Internet addiction is due to sporadic discussions with parents

If you want to keep your internet addiction away from your family, it is enough to talk to each other as much as possible.

Internet addiction

How many of you have wondered at least once how children were raised and educated before parenting appeared in our vocabulary? More jokingly, more seriously, I understood that at some of the top events it is said that parenting appeared as soon as we, the parents, forgot to talk to the children. Beyond all the advice and studies found in parenting books is actually hidden a whole list of recommendations on how we can compensate with various activities the lack of time allocated to our children. Allocated time. Remember this expression. As if the children were demoted to the stage of items in a team management application. If we want to play with them in the evening, we have to give them time for morning coffee.

The children remained good and innovative. We loved so much parenting, according to a friend. The even funnier part begins as soon as we move on to the unlearned lesson from parenting to digital parenting. When you go to the park with the children, have you noticed that they are talking to each other and we are turning on our phones? When we put two children together, they start talking. When we put two adults together, they start chatting on the net with other people. Known or not. Then we, as parents, begin to impose a certain digital way of life on them. With restrictions. Many restrictions. We really loved it.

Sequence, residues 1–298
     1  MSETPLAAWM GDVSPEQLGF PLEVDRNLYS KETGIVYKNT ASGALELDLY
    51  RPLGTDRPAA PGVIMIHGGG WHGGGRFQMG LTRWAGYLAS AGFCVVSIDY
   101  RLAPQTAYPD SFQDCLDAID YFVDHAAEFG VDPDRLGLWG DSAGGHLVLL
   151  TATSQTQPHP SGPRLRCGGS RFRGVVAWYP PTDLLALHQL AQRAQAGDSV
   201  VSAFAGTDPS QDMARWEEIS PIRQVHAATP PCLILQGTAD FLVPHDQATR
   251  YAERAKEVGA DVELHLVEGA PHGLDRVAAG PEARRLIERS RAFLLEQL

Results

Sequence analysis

Know. We are extremely busy. We can barely cope with the jobs. We barely manage to keep the house clean at a minimum level of comfort. Unnecessary discussions about politics, infrastructure and envious relatives occupy the little free time we have left. However, we take the time to talk to the children for a few minutes every day. A few minutes / day. That’s all we can do. That’s all we can afford. I read a few days ago that, according to WHO forecasts, the number of dementia cases would triple by 2050, when dementia will affect 152 million people. We are careful. Spending time with children is extremely tiring. They make us eat stone soup with soap sauce. They make us jump on one leg. They ask us weird questions. It corrects us as soon as we skip a paragraph in the dwarf story. Some people think that if we go out to the park with them, we will rest a little too. On the contrary. Outside we have to keep an eye on them and the other children who can throw stones at them, the dogs accompanied by adults (some forget their free leash when they pass children), the car that wants to park (some drivers it still confuses the pedals and suddenly climbs the sidewalk). I don’t know what your plans are for the next 30 years, but I don’t want to join those with a dementia degree.

There is no time. Know. Is exhausting. Know. We have used batteries, they have the best versions. Know. But I also know that we are parents and they are children. Nothing can replace family education. All other information is complementary. The family base is formed.

Here I can learn that the online environment is not a time-consuming enemy, but can be our most faithful ally if we manage to make friends with it.

Talk to them. Later they will seek the company of other people who prefer to talk directly. Face to face. Offline.